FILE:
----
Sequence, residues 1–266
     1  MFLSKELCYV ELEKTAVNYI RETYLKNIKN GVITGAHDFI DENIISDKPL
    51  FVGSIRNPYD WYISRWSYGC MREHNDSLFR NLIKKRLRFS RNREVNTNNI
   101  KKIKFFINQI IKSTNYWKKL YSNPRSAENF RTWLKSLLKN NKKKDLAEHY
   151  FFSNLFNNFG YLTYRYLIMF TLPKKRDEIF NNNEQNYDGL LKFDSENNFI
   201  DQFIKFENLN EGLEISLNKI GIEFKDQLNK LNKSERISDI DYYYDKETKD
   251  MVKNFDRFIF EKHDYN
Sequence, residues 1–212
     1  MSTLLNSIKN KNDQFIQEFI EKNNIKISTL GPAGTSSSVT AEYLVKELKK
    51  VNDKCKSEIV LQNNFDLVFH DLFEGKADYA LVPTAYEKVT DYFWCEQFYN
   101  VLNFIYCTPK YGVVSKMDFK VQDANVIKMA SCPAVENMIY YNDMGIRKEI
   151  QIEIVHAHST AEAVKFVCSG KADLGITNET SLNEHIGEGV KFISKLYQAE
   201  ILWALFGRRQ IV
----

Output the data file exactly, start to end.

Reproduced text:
Sequence, residues 1–266
     1  MFLSKELCYV ELEKTAVNYI RETYLKNIKN GVITGAHDFI DENIISDKPL
    51  FVGSIRNPYD WYISRWSYGC MREHNDSLFR NLIKKRLRFS RNREVNTNNI
   101  KKIKFFINQI IKSTNYWKKL YSNPRSAENF RTWLKSLLKN NKKKDLAEHY
   151  FFSNLFNNFG YLTYRYLIMF TLPKKRDEIF NNNEQNYDGL LKFDSENNFI
   201  DQFIKFENLN EGLEISLNKI GIEFKDQLNK LNKSERISDI DYYYDKETKD
   251  MVKNFDRFIF EKHDYN
Sequence, residues 1–212
     1  MSTLLNSIKN KNDQFIQEFI EKNNIKISTL GPAGTSSSVT AEYLVKELKK
    51  VNDKCKSEIV LQNNFDLVFH DLFEGKADYA LVPTAYEKVT DYFWCEQFYN
   101  VLNFIYCTPK YGVVSKMDFK VQDANVIKMA SCPAVENMIY YNDMGIRKEI
   151  QIEIVHAHST AEAVKFVCSG KADLGITNET SLNEHIGEGV KFISKLYQAE
   201  ILWALFGRRQ IV